Keeping the Vigil

They didn’t teach me audio engineering or cinematography when I got my Masters in Theology. Maybe they should have, I thought, as lightning flashed through stain glass windows, the transcendent Exsultet echoing through the empty Cathedral. I was desperately attempting to keep a livestream going through a ramshackle conjunction of cameras, cords, blackboxes and an overheating laptop whose fan was spinning as fast as my heart was beating.

I was one of seven people who were keeping the Easter Vigil. The pandemic had emptied the pews and filled the hospitals, but the Easter Candle was burning brightly, reminding us of the joy of years past and the hope of an unknown future.

For a little over two hours I sweated it out. The laptop screen froze about a quarter of the way through the Mass. I had to switch to my phone to check and make sure we hadn’t dropped the connection. When Mass ended, the exultation I felt had nothing to do with Easter or the end of the Lenten fast, but the simple relief of not messing something up, something that felt important to a lot of people.

After cleaning up the equipment and getting it ready for the morning’s Mass, I walked outside into the cool wet air. The storm had exhausted itself, and the sky was clearing, the yellow moon barely visible through the breaking, foggy clouds. The cathedral dome was shining brightly, as were the skyscrapers. But the streets and roads were empty all the way home.

Everyone was asleep, so I kissed the sleeping babies, made a manhattan, and settled into my favorite chair. I sipped the bittersweet whiskey and reflected on the strangeness of the evening.

Keeping the vigil.

At times it felt hollow, utterly alien to my usual experiences of Mass, particularly the Easter Vigil, the liturgy of liturgies. But for brief moments, something greater shined through. The beauty of faith, of the persevering human heart, the utter gratuity of grace, of being, of believing, particularly when things are difficult, dark, and scary.

Keeping the vigil. It has echoed in my heart throughout the Easter Season. I think of the women arriving at the tomb. How they prepared the spices in the quiet and dark hours that remain utterly unknown to history. How many bodies had they prepared in a similar way? How many vigils had they kept? How many young women and men had they buried? How many victims of violence had they anointed?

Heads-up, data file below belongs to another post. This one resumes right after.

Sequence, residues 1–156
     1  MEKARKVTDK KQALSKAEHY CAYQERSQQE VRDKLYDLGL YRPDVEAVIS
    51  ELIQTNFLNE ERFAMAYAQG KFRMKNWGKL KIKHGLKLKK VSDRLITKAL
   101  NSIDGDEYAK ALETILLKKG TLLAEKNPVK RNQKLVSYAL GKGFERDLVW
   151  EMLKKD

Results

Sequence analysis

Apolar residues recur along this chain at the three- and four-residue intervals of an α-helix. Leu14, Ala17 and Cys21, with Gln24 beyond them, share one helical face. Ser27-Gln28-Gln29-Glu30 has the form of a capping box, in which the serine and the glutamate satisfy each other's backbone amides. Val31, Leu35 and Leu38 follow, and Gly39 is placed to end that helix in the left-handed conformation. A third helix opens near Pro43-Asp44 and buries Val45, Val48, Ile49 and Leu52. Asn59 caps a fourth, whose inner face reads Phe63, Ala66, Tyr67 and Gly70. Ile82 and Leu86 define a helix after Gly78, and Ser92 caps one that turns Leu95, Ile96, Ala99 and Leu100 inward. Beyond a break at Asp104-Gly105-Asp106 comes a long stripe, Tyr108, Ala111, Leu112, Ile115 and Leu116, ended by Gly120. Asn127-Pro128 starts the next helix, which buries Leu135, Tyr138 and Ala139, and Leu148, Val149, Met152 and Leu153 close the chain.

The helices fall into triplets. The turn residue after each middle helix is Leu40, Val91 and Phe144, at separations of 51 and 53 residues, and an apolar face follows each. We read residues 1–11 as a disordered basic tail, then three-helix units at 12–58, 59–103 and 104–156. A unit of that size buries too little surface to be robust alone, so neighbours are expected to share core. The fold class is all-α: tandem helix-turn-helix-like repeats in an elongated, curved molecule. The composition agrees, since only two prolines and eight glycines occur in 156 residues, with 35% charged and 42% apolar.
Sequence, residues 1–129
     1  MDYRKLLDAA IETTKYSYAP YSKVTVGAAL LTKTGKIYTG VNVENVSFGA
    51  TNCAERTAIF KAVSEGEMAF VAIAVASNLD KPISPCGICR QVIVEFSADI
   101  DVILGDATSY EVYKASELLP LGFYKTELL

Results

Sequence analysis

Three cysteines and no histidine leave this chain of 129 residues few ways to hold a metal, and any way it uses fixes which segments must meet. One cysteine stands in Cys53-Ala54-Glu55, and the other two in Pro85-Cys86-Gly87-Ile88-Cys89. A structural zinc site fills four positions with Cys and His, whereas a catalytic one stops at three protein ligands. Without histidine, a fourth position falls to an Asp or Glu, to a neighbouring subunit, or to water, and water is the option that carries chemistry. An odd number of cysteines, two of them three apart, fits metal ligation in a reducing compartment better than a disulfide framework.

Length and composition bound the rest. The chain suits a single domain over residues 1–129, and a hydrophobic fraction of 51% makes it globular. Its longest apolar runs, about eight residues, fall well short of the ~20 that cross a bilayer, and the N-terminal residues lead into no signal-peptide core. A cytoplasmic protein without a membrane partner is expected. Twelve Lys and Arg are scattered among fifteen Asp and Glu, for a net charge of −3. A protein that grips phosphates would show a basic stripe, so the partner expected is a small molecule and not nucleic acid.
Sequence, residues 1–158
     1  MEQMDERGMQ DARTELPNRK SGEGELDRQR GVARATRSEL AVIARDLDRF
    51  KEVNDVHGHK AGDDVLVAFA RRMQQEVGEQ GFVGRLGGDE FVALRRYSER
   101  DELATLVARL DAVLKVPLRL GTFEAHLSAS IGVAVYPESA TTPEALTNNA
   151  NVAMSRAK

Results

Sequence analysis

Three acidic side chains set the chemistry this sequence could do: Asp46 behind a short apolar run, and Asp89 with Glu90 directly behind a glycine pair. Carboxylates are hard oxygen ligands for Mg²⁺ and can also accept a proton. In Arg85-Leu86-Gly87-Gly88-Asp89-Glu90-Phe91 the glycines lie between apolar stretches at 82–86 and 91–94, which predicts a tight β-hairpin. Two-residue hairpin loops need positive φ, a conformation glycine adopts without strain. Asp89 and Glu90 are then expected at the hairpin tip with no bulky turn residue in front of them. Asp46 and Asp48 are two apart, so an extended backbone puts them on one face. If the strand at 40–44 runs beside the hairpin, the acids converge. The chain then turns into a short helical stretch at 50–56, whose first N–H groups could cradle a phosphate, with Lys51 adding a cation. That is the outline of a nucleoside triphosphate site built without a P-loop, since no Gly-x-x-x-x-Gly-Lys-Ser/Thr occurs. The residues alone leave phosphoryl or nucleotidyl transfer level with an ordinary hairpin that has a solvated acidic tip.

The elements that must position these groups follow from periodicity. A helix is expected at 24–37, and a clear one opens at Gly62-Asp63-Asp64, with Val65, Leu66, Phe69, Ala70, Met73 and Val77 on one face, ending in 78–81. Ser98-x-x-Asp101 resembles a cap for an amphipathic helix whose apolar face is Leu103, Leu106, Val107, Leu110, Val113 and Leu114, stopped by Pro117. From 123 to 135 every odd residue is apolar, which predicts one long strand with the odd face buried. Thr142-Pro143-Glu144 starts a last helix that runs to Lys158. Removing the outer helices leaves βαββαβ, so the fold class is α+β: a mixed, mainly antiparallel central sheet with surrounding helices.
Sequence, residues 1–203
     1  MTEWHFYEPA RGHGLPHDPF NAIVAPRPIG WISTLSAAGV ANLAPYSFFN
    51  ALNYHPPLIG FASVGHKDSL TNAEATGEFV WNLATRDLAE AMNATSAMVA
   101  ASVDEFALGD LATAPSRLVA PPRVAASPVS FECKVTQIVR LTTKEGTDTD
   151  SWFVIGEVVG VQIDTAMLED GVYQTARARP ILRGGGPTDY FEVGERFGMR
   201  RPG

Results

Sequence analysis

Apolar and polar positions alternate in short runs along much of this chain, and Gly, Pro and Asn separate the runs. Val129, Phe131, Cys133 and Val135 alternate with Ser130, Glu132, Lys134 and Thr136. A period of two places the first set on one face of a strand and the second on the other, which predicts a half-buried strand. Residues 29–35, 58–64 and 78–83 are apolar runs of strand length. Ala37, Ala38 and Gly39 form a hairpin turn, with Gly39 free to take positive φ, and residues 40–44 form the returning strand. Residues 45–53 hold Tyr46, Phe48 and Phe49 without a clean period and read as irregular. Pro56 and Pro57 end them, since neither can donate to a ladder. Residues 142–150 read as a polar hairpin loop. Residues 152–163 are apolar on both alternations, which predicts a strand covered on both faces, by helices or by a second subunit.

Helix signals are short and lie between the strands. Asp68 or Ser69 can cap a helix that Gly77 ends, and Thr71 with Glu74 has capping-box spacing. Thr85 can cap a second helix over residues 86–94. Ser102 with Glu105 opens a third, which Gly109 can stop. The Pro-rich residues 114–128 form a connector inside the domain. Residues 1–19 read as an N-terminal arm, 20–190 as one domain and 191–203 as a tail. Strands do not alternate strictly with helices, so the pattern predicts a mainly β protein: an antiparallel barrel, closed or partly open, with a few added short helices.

Keeping the vigil.

Through those long empty stretches, through highways and deserts and even despair. When hope and faith and love become acts of will, drained of consolation, and all you have left are hard choices that demand immediate action.

Keeping the vigil.

Enduring a long illness, chronic pain, or the hopelessness that comes from systematic oppression. Holding your child at 2:00 a.m. or the hand of your beloved in a hospital bed. Or listening to the empty silence of life during those long dark night when no light shines to guide you.

Keeping the vigil.

This morning the news is full of injustice, plague, and protest. The social fabric is ripped and torn and I fear the center will not hold.

Who will light a candle for human dignity, for the common good, for justice for the poor and marginalized? Who will create signs of hope and resurrection for the young and the old?

Who will, in this dark night of our collective soul, light the candle and keep the vigil, awaiting the dawn?

If not you, who?

Easter Candle, in an Empty Cathedral. Vigil 2020

3 Comments Add yours

  1. JMR says:

    Enjoyed reading this and reflecting on my time at the “Great Vigil.” I was part of the small team present for it and I was sweating bullets helping with the livestream, in an alb no less. Not as fancy as yours but dealing with a plug in microphone – and all the things of white noise and feedback that only happens when people are in the space – for the liturgy, I breathed a sigh of relief at the end of the liturgy. Didn’t help that the stressed out pastor sent one of those emails after he watched the livestream. Oh well. In these times, we jokingly say, keep the bar very low so anything we do that seems better is a celebration of grace.


    1. Thank you for reading. It’s good to know I wasn’t the only one sweating at the vigil! And yes, we’ve had a lot of stress as we transition to and from livestreaming, a good indication of how liturgy, society and technology interact.


    2. I’m also a big fan of Team RCIA! Your resources have helped me so much in my first couple years as a Faith Formation Director. Thank you for your work!


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